Submitted to: Journal of Environmental Quality
Publication Type: Peer Reviewed Journal
Publication Acceptance Date: 3/17/2009
Publication Date: 9/11/2009
Publication URL: http://hdl.handle.net/10113/37356
Citation: Kramer, K.E., Rice, P.J., Horgan, B.P., Rittenhouse, J.L., King, K.W. 2009. Pesticide Transport with Runoff from Turf: Observations Compared with TurfPQ Model Simulations. Journal of Environmental Quality. 38(6):2402-2411. Interpretive Summary: Pesticides applied to turf grass have been detected in surface waters raising concerns of their affect on water quality and interest in their source, hydrological transport and use of models to predict transport. TurfPQ, a pesticide runoff model for turf, is a computer model used to predict chemical fate and transport without having to devote time and resources toward field data collection. We report that TurfPQ, a pesticide runoff model for turf grass, consistently underestimated the transport of dicamba, flutolanil, and chlorpyrifos with runoff from golf course fairway turf during intense storm events. The greatest source of error was not in estimates of the pesticide properties or turf characteristics but rather in the timing of predicted infiltration and runoff, which influenced the predicted availability of pesticides for transport with runoff. Changing the model’s chronological separation of infiltration and runoff and replacing the daily precipitation inputs with more frequent time steps would allow for more accurate predictions of pesticide transport with runoff during larger storm events.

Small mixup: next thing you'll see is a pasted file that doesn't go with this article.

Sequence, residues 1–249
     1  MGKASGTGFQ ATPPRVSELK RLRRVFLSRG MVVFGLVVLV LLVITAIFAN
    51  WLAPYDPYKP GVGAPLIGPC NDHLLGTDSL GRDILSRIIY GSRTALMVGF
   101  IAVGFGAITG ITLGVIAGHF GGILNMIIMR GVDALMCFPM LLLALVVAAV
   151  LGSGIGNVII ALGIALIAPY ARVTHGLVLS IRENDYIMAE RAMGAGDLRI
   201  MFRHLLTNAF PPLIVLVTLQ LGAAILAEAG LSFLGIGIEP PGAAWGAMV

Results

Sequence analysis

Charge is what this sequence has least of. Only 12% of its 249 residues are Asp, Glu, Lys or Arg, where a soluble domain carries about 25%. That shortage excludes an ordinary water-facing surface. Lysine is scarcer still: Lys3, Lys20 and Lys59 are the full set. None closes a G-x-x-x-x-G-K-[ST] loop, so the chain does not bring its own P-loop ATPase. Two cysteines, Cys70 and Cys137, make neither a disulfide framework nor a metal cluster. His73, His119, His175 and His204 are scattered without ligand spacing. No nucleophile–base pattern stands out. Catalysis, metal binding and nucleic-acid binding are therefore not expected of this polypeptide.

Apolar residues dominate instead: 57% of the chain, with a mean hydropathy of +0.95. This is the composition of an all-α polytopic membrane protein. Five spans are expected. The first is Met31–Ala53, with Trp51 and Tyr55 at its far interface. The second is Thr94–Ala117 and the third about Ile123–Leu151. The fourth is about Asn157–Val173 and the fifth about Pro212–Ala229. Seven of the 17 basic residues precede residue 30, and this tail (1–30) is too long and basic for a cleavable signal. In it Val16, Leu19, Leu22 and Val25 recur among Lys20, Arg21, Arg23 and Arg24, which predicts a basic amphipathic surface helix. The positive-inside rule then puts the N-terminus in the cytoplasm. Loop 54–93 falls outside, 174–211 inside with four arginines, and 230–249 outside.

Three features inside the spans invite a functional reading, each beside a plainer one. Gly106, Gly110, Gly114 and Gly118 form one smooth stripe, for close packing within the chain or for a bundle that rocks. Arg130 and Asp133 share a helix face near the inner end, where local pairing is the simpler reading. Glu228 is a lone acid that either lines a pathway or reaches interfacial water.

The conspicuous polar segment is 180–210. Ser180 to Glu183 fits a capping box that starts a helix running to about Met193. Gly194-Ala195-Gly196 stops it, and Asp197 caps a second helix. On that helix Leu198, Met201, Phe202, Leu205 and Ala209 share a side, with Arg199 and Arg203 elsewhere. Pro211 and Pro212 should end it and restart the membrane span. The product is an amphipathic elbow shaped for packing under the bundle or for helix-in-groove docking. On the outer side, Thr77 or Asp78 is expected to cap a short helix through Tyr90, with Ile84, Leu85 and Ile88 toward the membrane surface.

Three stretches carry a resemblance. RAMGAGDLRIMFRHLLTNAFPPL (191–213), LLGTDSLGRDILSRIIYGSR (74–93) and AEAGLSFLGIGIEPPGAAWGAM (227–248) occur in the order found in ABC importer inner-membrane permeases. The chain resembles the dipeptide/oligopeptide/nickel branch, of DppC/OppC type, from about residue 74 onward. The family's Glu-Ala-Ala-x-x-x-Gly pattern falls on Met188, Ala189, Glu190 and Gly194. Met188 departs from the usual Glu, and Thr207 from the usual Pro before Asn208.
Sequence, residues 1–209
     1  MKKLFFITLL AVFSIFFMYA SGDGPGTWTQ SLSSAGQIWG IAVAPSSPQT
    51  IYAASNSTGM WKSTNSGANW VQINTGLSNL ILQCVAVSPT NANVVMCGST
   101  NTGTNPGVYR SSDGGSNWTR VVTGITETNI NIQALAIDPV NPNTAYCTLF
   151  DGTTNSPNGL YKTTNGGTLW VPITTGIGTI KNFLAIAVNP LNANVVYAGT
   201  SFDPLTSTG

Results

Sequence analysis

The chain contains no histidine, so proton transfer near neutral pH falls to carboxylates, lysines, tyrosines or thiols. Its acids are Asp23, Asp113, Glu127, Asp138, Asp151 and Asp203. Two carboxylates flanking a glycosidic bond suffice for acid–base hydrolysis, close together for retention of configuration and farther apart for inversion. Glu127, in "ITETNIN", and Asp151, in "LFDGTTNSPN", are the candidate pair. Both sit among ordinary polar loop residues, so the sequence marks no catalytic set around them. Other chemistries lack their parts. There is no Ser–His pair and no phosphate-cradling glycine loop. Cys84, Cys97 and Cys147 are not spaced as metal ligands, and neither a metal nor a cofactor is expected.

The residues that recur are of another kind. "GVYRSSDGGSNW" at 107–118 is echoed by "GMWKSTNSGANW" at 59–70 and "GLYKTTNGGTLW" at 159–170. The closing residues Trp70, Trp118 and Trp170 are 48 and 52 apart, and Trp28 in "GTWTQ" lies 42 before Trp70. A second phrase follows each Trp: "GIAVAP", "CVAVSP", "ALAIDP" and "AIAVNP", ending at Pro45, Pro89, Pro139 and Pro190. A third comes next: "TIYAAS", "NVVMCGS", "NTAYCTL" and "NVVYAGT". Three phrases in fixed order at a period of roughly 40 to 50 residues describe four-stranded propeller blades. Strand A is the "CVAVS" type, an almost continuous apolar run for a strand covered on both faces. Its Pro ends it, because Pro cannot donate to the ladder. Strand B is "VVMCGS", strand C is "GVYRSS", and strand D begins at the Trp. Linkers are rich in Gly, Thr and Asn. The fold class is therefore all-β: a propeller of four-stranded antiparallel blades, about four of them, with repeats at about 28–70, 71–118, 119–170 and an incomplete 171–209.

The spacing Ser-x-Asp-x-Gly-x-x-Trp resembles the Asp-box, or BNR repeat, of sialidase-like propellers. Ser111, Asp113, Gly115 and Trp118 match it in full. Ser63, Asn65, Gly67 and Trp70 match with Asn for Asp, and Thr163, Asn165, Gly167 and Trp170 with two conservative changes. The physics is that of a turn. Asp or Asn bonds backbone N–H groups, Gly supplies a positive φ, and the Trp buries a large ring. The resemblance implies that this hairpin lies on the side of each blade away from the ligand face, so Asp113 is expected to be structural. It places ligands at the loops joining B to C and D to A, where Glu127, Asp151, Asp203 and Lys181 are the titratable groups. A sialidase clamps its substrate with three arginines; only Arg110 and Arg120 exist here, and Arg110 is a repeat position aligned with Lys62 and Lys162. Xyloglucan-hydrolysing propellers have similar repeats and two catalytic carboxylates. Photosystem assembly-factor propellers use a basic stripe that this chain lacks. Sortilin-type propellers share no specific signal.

Technical Abstract: Pesticides applied to turf grass have been detected in surface waters raising concerns of their affect on water quality and interest in their source, hydrological transport and use of models to predict transport. TurfPQ, a pesticide runoff model for turf grass, predicts pesticide transport but has not been rigorously validated for larger storms. The objective of this study was to determine TurfPQ’s ability to accurately predict the transport of pesticides with runoff following more intense precipitation. The study was conducted with creeping bentgrass [Agrostis palustris Huds.] turf managed as a golf course fairway. A pesticide mixture containing dicamba, 2,4-D, MCPP, flutolanil, and chlorpyrifos was applied to six adjacent 24.4 m x 6.1 m plots. Controlled rainfall simulations were conducted using a rainfall simulator designed to deliver water droplets similar to natural rain. Runoff flow rates and volume were measured and water samples were collected for analysis of pesticide concentrations. Six simulations yielded 13 events with which to test TurfPQ. Measured mean percentage of applied pesticide recovered in the runoff for dicamba, 2,4-D, MCPP, flutolanil, and chlorpyrifos was 24.6, 20.7, 14.9, 5.9, and 0.8 %, respectively. The predicted mean values produced by TurfPQ were 13.7, 15.6, 15.5, 2.5, and 0.2 %, respectively. The model produced correlations of r = 0.56 and 0.64 for curve number hydrology and measured hydrology, respectively. Comparisons of the model estimates with our field observations indicate that TurfPQ under predicted pesticide runoff during 69.5 ± 11.4 mm, 1.9 ± 0.2 h, simulated storms.